What Cupcakes Taught Me About Marketing Art

By Jeff Slaughter, guest blogger
Living in Europe for the past 13 years has sheltered me from some of the delights of living stateside.  So on a recent trip home to Louisiana I was stunned to find an upscale boutique dedicated solely to selling cupcakes.

Not just any cupcakes, but mouth-watering, blood sugar shocking oversized concoctions in familiar flavors like vanilla, chocolate,and red velvet all the way to the unusual such as peanut butter, key lime pie and banana pudding. The eye-popping display features 21 flavors a day and can hold more than 1,000 cupcakes. And it's not uncommon for them to sell out before closing time.

Now, I like a good cupcake, but I like a good business idea even better. So I was intrigued that a business could focus on such a narrow target - and be successful.

I soon learned that the cupcake craze was a national trend, having already spawned a Starbucks-like multi-store company called 'Sprinkles'. In the Memphis airport this week, I found an article in Inc. Magazine declaring that, 'The Great Cupcake Wars' is full on in our nation's capital, with multiple stores and chains competing for the capital's taste buds (you can find the article on Inc's website). There's even a TV show about the cupcake wars on Food Network!

Really? All that over cupcakes?

But I shouldn't be surprised. Cupcake companies have developed business models that are focused, marketed well and poised for profit. Which is what we should be doing with our art. As artists who are learning to focus, market and yes, make a profit, we should take some tips from the Cupcake Craze:

Here are a few things I learned:

Be creative, but be smart: Create art that people want to buy. I bet the flavors that don't sell well in cupcake shops get dropped like hot potatoes. They want to make money, not just prop their shops with cute cakes.

Market shamelessly: That's right, the Cupcakers have learned to sell using facebook pages, twitter accounts, you tube videos, articles in magazines, even trucks driving around Washington D. C. giving away samples. What are we doing to market our art? Are we so ashamed of it we hope no one notices it? Or are we as proud of our art as the Cupcakers are of their Red Velvet masterpieces? Do we really think our art isn't worth as much or more in marketing efforts as a wad of flour, sugar, butter and eggs?

Don't be afraid to charge....a lot: $3.00-$4.00 for ONE cupcake? Do people really pay that much for one cupcake? Yes, they do, just like they pay $3.50 for a tall latte, $4.00 for a gallon of gas, and $10 for a movie ticket. Starbucks, Shell and Tinseltown know how to make money. So do the Cupcakers.  And so should we.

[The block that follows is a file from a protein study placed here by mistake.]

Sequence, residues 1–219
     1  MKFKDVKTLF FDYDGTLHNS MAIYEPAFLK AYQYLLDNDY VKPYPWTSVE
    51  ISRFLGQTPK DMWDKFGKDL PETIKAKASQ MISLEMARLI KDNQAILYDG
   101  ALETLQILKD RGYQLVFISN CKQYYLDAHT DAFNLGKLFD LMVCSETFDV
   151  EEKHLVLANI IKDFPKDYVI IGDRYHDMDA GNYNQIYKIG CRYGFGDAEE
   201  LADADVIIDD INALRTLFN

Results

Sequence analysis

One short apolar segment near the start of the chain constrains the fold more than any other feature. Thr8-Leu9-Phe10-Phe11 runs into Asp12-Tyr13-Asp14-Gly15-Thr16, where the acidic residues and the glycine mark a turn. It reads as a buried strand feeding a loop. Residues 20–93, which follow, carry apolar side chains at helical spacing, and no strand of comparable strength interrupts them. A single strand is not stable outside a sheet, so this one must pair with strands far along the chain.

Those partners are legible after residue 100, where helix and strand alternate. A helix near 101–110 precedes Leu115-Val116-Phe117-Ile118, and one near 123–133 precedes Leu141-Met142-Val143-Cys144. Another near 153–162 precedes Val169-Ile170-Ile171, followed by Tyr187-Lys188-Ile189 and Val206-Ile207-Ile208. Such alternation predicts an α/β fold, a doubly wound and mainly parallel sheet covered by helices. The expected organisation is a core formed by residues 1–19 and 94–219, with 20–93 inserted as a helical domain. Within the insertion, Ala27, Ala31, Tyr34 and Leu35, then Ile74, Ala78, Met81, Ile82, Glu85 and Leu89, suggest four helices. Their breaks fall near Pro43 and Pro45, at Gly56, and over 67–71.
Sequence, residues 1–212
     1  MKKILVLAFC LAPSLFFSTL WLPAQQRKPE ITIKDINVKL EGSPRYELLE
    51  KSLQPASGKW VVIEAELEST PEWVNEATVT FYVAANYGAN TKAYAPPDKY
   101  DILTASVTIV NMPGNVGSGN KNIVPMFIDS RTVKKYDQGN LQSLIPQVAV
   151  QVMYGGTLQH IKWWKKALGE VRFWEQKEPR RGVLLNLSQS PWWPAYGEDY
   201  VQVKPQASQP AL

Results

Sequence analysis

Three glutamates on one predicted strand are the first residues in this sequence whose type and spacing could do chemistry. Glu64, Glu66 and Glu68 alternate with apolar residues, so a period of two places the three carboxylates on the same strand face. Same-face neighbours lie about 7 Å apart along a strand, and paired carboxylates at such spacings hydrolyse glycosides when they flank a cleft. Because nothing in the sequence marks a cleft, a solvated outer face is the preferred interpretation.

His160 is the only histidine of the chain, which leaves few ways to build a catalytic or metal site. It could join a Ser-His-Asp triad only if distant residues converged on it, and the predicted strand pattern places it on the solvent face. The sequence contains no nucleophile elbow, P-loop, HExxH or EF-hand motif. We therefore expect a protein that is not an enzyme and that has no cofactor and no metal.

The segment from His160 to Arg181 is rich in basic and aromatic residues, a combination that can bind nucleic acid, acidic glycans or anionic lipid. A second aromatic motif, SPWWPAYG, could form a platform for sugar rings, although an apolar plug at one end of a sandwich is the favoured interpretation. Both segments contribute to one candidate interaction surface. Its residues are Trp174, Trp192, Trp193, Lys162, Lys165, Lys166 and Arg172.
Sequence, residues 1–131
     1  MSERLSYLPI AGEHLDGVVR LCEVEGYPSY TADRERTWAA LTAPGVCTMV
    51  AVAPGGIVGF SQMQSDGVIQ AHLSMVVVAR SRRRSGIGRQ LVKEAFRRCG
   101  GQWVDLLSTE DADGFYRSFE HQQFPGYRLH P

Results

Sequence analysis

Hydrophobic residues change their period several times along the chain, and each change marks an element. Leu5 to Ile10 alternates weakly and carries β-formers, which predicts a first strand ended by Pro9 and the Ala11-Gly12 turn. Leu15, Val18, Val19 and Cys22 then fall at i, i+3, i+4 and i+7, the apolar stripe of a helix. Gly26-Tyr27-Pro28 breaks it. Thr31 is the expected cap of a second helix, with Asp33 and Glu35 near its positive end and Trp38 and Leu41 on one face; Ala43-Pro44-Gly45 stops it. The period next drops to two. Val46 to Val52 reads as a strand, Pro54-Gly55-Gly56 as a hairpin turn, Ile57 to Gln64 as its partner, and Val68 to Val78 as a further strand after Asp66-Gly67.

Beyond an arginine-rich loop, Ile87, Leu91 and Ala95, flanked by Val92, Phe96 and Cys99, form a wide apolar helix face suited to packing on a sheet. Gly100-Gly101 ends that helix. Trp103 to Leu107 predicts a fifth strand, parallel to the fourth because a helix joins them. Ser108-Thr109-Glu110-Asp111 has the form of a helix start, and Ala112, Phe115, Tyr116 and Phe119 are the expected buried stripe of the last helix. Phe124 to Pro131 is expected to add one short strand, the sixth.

I'm going to give you a fun assignment: If there's a cupcake shop near you, get there, buy yourself a nice calorie-laden cupcake, take a big bite and think about how the Cupcake Craze has taken America by storm.

And come up with some ideas about how you might go just as crazy marketing your art.

Jeff Slaughter lives in Brussels, Belgium where he serves in international church ministry, oversees a worship training organization, writes and develops content, and enjoys an occasional cupcake. You can write to Jeff at: JeffKathyS@hotmail.com.


  1. Hey Deby! I pray when I've completed an image and ask what the Holy Spirit would have me to ask for the image price? In the beginning, it was a modest several hundred dollar figure, and I felt comfortable, with this. As the image size and time spent in developing increased, the cost increased. Until it became five figures in the thousands of dollars! When this happened at the first, I was overwhelmed, to say the least! But this work isn't my work, but God's! He goes before, me! He shields, my way!And I am blessed and highly favoured of God, and He surrounds me with His favour as with a shield to protect me from all harm! He has made my path straight and absolutely know what He's doing! Jan

  2. @AnonymousWay to go, Jan. I'm proud of you for putting high price tags on your work. Now . . . adjust according to your sales. I thinks pricing is always a work in progress.